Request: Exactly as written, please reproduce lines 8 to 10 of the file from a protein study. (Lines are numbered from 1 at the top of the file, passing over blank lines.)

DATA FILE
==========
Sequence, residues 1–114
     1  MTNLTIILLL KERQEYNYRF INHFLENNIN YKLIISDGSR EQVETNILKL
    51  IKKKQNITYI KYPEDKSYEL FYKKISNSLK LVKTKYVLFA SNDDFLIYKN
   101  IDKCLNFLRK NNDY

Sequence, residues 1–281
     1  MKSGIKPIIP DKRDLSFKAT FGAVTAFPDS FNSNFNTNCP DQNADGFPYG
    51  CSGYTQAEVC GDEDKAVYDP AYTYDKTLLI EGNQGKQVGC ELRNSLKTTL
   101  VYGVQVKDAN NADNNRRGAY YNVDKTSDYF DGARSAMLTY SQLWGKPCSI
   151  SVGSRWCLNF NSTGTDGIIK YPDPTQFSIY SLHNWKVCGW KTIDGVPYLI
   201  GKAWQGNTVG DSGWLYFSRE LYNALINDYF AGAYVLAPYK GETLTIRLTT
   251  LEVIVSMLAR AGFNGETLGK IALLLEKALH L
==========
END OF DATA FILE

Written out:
   101  VYGVQVKDAN NADNNRRGAY YNVDKTSDYF DGARSAMLTY SQLWGKPCSI
   151  SVGSRWCLNF NSTGTDGIIK YPDPTQFSIY SLHNWKVCGW KTIDGVPYLI
   201  GKAWQGNTVG DSGWLYFSRE LYNALINDYF AGAYVLAPYK GETLTIRLTT